In PyGTK 2.4 and above the invalidate_iters() and iter_is_valid() methods are available to help manage the TreeIters and their Python object references:

  generictreemodel.invalidate_iters()

  result = generictreemodel.iter_is_valid(iter)

These are particularly useful when the "leak-references" property is set to FALSE. Tree models derived from GenericTreeModel are protected from problems with out of date TreeIters because the iters are automatically checked for validity with the tree model.

If a custom tree model doesn't support persistent iters (i.e. gtk.TREE_MODEL_ITERS_PERSIST is not set in the return from the TreeModel.get_flags() method), it can call the invalidate_iters() method to invalidate all its outstanding TreeIters when it changes the model (e.g. after inserting a new row). The tree model can also dispose of any Python objects, that were referenced by TreeIters, after calling the invalidate_iters() method.

Applications can use the iter_is_valid() method to determine if a TreeIter is still valid for the custom tree model.

14.11.5. Other Interfaces

The ListStore and TreeStore models support the TreeSortable, TreeDragSource and TreeDragDest interfaces in addition to the TreeModel interface. The GenericTreeModel only supports the TreeModel interface. I believe that this is because of the direct reference of the model at the C level by TreeViews and the TreeModelSort and TreeModelFilter models. To create and use TreeIters requires C glue code to interface with the Python custom tree model that has the data. That glue code is provided by the GenericTreeModel and there appears to be no alternative purely Python way of doing it because the TreeViews and the other models call the GtkTreeModel functions in C passing their reference to the custom tree model.

The TreeSortable interface would need C glue code as well to work with the default TreeViewColumn sort mechanism as explained in Section 14.2.9, “Sorting TreeModel Rows”. However a custom model can do its own sorting and an application can manage the use of sort criteria by handling the TreeViewColumn header clicks and calling the custom tree model sort methods. The model completes the update of the TreeViews by emitting the "rows-reordered" signal using the TreeModel's rows_reordered() method. Thus the GenericTreeModel probably doesn't need to implement the TreeSortable interface.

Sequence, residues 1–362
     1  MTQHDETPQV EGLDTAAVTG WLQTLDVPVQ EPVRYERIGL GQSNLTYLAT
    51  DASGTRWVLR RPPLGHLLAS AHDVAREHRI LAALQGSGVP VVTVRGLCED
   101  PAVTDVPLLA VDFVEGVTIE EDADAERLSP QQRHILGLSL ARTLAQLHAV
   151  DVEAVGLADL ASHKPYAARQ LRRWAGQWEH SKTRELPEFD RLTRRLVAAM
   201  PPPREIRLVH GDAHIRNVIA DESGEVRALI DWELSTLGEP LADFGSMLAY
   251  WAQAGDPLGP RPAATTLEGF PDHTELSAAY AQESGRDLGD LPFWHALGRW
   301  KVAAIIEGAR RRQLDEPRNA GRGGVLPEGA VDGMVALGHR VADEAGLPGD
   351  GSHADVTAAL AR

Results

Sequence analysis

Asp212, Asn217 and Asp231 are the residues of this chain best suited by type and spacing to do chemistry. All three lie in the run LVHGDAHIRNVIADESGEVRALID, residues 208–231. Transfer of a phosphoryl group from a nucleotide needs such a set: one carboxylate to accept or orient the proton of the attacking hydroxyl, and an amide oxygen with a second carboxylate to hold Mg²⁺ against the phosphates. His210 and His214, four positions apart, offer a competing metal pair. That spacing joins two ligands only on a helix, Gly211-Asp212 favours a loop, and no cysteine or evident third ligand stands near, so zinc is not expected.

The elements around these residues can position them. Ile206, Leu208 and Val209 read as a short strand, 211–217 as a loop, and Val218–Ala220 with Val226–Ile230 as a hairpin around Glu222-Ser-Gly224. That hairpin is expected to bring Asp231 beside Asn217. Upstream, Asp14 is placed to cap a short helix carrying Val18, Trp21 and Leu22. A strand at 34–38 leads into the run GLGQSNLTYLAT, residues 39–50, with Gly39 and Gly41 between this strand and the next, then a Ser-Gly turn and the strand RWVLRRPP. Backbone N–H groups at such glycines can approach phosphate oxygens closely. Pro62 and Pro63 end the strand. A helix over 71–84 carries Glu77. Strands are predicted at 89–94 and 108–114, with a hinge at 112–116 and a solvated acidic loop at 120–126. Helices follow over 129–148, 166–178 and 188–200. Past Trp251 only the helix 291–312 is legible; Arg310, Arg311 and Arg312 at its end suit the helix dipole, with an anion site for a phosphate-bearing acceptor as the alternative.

Likewise, the GenericTreeModel doesn't have to implement the TreeDragSource and TreeDragDest interfaces because the custom tree model can implement its own drag and drop interfaces and the application can handle the appropriate TreeView signals and call the custom tree model methods as needed.

14.11.6. Applying The GenericTreeModel

I believe that the GenericTreeModel should only be used as a last resort. There are powerful mechanisms in the standard group of TreeView objects that should be sufficient for most applications. Undoubtedly there are applications which may require the use of the GenericTreeModel but you should attempt to first use the following instead:

Cell Data Functions

As illustrated in Section 14.4.5, “Cell Data Function”, cell data functions can be used to modify and even synthesize the data for a TreeView column display. You can effectively create as many display columns with generated data as you wish. This gives you a great deal of control over the presentation of data from an underlying data source.

TreeModelFilter

In PyGTK 2.4, the TreeModelFilter as described in Section 14.10.2, “TreeModelFilter” provides a great degree of control over the display of the columns and rows of a child TreeModel including presenting just the child rows of a row. Data columns can be synthesized similar to using Cell Data Functions but here the model appears to be a TreeModel with the number and type of columns specified whereas a cell data function leaves the model columns unchanged and just modifies the display in a TreeView.

If a GenericTreeModel must be used you should be aware that:

  • the entire TreeModel interface must be created and made to work as documented. There are subtleties that can lead to bugs. By contrast, the standard TreeModels are thoroughly tested.
  • managing the references of Python objects used by TreeIters can be difficult especially for long running programs with lots of variety of display.
  • an interface has to be developed for adding, deleting and changing the contents of rows. There is some awkwardness with the mapping of TreeIters to the Python objects and model rows in this interface.
  • there is significant effort in developing sortable and drag and drop interfaces. The application probably needs to be involved in making these interfaces fully functional.